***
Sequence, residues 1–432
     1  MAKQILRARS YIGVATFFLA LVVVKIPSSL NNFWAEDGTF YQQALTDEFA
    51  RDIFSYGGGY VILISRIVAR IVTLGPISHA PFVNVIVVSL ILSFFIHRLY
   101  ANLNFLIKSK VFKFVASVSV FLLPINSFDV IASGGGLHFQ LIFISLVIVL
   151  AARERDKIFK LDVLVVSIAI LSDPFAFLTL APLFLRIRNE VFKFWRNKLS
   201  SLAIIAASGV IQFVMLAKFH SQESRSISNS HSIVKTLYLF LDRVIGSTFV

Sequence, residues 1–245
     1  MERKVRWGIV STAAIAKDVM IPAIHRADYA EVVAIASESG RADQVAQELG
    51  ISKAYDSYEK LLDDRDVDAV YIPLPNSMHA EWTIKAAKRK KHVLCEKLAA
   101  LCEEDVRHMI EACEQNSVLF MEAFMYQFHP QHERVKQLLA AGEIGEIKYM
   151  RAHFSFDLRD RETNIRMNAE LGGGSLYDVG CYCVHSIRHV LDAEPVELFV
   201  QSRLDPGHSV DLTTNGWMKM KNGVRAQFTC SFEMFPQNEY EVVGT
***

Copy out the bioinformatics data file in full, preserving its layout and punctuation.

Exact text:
Sequence, residues 1–432
     1  MAKQILRARS YIGVATFFLA LVVVKIPSSL NNFWAEDGTF YQQALTDEFA
    51  RDIFSYGGGY VILISRIVAR IVTLGPISHA PFVNVIVVSL ILSFFIHRLY
   101  ANLNFLIKSK VFKFVASVSV FLLPINSFDV IASGGGLHFQ LIFISLVIVL
   151  AARERDKIFK LDVLVVSIAI LSDPFAFLTL APLFLRIRNE VFKFWRNKLS
   201  SLAIIAASGV IQFVMLAKFH SQESRSISNS HSIVKTLYLF LDRVIGSTFV

Sequence, residues 1–245
     1  MERKVRWGIV STAAIAKDVM IPAIHRADYA EVVAIASESG RADQVAQELG
    51  ISKAYDSYEK LLDDRDVDAV YIPLPNSMHA EWTIKAAKRK KHVLCEKLAA
   101  LCEEDVRHMI EACEQNSVLF MEAFMYQFHP QHERVKQLLA AGEIGEIKYM
   151  RAHFSFDLRD RETNIRMNAE LGGGSLYDVG CYCVHSIRHV LDAEPVELFV
   201  QSRLDPGHSV DLTTNGWMKM KNGVRAQFTC SFEMFPQNEY EVVGT